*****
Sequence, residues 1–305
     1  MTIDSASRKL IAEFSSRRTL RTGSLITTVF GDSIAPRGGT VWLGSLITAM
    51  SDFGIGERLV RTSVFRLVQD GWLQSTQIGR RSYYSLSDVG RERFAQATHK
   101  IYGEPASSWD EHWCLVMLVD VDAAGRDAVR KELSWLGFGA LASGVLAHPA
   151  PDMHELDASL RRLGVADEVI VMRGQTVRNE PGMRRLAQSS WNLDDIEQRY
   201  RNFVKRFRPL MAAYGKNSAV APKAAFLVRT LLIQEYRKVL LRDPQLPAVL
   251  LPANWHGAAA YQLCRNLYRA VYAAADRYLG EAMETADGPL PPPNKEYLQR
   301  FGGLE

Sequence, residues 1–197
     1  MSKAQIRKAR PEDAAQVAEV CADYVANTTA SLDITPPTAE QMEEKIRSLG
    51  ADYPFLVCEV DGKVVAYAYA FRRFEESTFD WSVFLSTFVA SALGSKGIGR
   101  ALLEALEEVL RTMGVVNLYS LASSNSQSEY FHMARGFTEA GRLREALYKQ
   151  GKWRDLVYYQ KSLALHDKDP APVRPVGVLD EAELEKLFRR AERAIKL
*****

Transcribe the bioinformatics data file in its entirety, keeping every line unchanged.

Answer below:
Sequence, residues 1–305
     1  MTIDSASRKL IAEFSSRRTL RTGSLITTVF GDSIAPRGGT VWLGSLITAM
    51  SDFGIGERLV RTSVFRLVQD GWLQSTQIGR RSYYSLSDVG RERFAQATHK
   101  IYGEPASSWD EHWCLVMLVD VDAAGRDAVR KELSWLGFGA LASGVLAHPA
   151  PDMHELDASL RRLGVADEVI VMRGQTVRNE PGMRRLAQSS WNLDDIEQRY
   201  RNFVKRFRPL MAAYGKNSAV APKAAFLVRT LLIQEYRKVL LRDPQLPAVL
   251  LPANWHGAAA YQLCRNLYRA VYAAADRYLG EAMETADGPL PPPNKEYLQR
   301  FGGLE

Sequence, residues 1–197
     1  MSKAQIRKAR PEDAAQVAEV CADYVANTTA SLDITPPTAE QMEEKIRSLG
    51  ADYPFLVCEV DGKVVAYAYA FRRFEESTFD WSVFLSTFVA SALGSKGIGR
   101  ALLEALEEVL RTMGVVNLYS LASSNSQSEY FHMARGFTEA GRLREALYKQ
   151  GKWRDLVYYQ KSLALHDKDP APVRPVGVLD EAELEKLFRR AERAIKL